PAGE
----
Wednesday, 3 February 2016

Swan Rescue

Had my usual battle with the mute swans. As soon as they see my camera, they do precisely the opposite of what I'd like them to do. They might be in a tight little huddle and then suddenly all disperse, or they turn their backs or even dive partially under the water.

This couple and the two offspring they managed to rear last summer, now coming into their adult plumage, are still hanging around as a family group. They are usually on the canal somewhere between Saltaire and Dockfield in Shipley, where I think their nest site originally was.

Some while ago (before Christmas) I saw them one evening. One of the adults had a long thread of fishing line trailing from its bill. It seemed to be distressed and was trying to claw at it with its foot. Quite upsetting to see... I came home and googled 'swan rescue' and found that there is a local charity called Yorkshire Swan Rescue, based near York, so I contacted them. Local volunteers knew of the particular swan family and their approximate location. First thing the next morning, two volunteers came out and checked on the swans. They even reported back to me, to say that they had seen them all and that all were in good condition and none of them had any fishing line trailing. The bird must have managed to dislodge it by itself, thankfully. I was very impressed with the organisation and made a donation to them to help with their work.  Swans are such beautiful birds, and so faithful to their mate. I love to see them on the canal and it's good to know there is someone available to help when necessary.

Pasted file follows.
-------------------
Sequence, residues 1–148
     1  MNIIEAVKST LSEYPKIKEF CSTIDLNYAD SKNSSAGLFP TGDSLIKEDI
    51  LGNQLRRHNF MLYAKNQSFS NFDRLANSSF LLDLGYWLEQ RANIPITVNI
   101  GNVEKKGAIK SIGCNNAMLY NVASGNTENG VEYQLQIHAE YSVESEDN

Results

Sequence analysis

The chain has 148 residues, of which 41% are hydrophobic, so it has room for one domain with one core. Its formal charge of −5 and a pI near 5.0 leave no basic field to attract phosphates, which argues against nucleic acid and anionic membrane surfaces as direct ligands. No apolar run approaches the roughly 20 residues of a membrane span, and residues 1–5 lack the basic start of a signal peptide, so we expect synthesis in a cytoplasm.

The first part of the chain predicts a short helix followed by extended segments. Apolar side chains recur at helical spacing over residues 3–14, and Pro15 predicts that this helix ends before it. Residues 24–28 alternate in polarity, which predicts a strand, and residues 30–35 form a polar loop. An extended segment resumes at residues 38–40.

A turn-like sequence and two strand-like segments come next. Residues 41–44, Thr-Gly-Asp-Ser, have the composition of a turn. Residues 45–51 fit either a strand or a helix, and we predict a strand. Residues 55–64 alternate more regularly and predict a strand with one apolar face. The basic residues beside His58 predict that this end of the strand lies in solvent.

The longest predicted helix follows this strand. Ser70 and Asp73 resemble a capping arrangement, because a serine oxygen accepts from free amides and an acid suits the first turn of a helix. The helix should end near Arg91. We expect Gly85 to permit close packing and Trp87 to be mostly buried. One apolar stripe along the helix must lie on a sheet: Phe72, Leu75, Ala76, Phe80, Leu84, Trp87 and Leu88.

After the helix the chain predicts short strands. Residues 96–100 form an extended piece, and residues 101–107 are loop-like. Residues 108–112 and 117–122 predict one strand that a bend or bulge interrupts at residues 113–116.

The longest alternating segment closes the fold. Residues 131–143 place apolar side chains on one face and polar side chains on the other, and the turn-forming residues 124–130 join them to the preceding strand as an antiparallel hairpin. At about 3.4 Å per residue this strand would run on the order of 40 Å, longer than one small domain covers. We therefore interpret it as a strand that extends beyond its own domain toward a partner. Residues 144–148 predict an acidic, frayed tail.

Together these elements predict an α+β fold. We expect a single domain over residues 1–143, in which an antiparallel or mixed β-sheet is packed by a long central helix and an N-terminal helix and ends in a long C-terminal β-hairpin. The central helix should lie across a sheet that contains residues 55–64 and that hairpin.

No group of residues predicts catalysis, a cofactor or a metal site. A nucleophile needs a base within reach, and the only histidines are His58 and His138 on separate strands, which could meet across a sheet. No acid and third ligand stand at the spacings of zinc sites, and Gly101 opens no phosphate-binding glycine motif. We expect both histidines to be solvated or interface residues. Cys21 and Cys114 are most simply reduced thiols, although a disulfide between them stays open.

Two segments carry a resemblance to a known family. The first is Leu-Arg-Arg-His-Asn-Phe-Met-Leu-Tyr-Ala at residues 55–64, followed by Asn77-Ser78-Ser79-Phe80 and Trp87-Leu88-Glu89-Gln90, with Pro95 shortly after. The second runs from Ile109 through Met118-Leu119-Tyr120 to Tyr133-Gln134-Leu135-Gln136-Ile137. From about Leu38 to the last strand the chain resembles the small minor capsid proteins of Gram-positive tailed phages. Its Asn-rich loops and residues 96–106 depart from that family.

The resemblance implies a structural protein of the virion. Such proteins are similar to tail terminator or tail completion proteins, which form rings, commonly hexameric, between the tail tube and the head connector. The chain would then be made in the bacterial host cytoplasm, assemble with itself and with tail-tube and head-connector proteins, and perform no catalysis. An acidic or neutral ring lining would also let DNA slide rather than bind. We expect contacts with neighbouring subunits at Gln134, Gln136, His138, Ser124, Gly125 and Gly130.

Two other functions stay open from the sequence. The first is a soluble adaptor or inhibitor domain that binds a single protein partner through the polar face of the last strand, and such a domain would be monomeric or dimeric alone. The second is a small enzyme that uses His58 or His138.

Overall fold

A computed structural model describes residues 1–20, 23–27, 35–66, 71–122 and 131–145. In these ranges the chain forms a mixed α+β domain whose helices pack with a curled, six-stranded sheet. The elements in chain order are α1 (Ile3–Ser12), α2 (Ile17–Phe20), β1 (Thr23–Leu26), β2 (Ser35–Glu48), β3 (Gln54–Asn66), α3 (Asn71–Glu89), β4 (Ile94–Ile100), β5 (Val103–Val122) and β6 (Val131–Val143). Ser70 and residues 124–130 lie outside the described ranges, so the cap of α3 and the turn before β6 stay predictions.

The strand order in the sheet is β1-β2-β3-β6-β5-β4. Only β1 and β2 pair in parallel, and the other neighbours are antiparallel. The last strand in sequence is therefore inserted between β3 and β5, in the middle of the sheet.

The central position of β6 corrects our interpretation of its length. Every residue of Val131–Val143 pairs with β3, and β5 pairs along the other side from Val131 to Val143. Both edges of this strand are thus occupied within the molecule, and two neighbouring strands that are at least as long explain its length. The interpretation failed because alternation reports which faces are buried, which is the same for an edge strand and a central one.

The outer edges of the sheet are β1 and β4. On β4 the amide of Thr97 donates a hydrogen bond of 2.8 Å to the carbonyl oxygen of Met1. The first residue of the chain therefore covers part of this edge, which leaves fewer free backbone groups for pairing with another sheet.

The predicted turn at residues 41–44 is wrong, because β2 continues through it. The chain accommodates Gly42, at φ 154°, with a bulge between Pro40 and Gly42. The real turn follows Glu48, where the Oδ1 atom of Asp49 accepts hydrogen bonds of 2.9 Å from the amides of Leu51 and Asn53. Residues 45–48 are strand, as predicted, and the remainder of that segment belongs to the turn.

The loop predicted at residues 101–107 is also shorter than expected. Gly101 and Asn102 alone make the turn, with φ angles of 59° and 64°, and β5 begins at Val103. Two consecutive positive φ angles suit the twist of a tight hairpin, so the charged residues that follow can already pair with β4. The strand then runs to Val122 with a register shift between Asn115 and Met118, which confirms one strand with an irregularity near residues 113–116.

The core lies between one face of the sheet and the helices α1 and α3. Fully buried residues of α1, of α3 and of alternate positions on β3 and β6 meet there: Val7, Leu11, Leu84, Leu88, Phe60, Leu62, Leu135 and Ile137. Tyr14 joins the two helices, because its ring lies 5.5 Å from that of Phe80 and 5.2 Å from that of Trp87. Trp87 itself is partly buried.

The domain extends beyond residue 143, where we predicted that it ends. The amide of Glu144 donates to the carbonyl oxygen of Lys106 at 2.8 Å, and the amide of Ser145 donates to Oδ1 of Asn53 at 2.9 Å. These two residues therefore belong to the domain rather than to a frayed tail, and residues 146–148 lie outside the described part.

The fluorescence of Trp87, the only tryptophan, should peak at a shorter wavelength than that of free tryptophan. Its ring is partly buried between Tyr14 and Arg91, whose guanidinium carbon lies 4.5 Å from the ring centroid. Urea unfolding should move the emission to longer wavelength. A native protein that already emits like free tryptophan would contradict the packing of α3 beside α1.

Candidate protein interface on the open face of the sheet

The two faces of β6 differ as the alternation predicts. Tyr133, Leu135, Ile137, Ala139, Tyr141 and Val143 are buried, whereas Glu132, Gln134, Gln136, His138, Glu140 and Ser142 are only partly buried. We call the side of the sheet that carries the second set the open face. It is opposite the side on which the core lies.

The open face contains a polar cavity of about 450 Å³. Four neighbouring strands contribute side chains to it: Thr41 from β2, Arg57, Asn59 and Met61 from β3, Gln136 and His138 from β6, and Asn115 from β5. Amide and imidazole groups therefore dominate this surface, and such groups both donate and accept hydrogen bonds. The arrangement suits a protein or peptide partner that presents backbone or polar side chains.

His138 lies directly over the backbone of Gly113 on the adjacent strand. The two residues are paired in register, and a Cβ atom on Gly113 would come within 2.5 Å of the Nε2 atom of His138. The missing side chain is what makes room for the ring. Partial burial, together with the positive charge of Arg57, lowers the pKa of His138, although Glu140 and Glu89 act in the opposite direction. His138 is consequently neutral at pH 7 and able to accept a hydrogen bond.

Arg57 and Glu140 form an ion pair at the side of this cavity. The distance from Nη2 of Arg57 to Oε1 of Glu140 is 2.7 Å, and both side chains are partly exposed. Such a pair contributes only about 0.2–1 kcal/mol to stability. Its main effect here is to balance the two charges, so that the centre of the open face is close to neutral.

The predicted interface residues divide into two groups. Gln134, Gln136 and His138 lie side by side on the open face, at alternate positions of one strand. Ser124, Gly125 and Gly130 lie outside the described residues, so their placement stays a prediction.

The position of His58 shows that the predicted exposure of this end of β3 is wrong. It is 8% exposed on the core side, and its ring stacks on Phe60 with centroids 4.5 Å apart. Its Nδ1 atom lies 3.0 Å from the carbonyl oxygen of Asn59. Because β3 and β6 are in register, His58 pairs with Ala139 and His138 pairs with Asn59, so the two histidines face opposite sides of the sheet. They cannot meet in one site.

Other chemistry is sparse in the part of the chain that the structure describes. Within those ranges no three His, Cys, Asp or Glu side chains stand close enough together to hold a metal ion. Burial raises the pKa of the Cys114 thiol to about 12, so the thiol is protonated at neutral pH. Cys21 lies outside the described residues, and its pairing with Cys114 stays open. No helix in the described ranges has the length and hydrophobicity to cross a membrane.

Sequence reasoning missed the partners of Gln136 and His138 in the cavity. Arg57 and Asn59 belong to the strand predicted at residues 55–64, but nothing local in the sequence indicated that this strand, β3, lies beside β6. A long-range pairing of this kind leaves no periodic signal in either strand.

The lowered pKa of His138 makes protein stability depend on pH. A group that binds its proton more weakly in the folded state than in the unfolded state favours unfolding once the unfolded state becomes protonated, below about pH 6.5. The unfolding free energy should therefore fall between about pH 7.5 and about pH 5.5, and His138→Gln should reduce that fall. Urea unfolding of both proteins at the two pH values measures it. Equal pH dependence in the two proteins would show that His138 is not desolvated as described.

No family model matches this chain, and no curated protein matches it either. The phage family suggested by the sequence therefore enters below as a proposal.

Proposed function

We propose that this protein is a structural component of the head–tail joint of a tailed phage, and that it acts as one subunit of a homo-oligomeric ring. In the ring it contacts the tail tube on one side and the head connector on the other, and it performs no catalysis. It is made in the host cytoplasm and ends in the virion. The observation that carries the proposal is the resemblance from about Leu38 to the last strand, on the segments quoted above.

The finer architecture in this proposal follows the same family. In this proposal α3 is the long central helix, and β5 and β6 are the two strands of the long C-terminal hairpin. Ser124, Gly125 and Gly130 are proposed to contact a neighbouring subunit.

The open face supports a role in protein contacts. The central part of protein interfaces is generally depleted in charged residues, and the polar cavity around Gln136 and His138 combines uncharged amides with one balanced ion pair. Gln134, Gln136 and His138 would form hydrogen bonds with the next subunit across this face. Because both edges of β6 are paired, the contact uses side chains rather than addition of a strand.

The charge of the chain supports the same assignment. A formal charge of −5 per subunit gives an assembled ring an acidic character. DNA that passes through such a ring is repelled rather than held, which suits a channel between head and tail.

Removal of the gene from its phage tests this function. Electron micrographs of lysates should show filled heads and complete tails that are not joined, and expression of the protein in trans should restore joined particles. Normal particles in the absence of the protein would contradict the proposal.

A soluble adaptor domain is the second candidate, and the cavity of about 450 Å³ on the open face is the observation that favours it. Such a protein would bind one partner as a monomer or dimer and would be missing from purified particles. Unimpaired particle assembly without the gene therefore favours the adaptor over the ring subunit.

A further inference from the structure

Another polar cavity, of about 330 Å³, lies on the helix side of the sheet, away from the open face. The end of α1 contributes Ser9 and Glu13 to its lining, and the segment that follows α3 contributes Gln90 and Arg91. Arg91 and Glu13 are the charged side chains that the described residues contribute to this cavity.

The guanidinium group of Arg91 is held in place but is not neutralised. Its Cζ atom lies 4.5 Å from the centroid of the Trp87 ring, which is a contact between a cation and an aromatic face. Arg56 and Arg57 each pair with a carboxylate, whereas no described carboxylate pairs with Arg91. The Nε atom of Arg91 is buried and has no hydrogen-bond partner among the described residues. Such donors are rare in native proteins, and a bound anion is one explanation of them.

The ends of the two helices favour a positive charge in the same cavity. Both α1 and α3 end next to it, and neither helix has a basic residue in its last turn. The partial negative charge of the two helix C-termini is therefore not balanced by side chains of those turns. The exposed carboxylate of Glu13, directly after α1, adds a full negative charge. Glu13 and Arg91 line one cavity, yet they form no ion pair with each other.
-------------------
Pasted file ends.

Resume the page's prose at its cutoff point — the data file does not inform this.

Tuesday, 2 February 2016


Ironwork on the lock gate

Monday, 1 February 2016

Native American

I couldn't see a name on the narrowboat I showed yesterday but it did have this lovely picture painted on the side: horses and a handsome native American Indian in a fine feather warbonnet headdress. I know shockingly little about American Indians, apart from what you see on cowboy films. Just googling for information about the headdress is very interesting. The feather bonnets are worn by chiefs and warriors of only about a dozen tribes and are made of eagle tail feathers. They have a spiritual and ceremonial significance; each feather has to be earned by an act of bravery. So this man must be courageous as well as handsome. Who knows why he is painted on a narrowboat in Yorkshire? Interesting, anyway.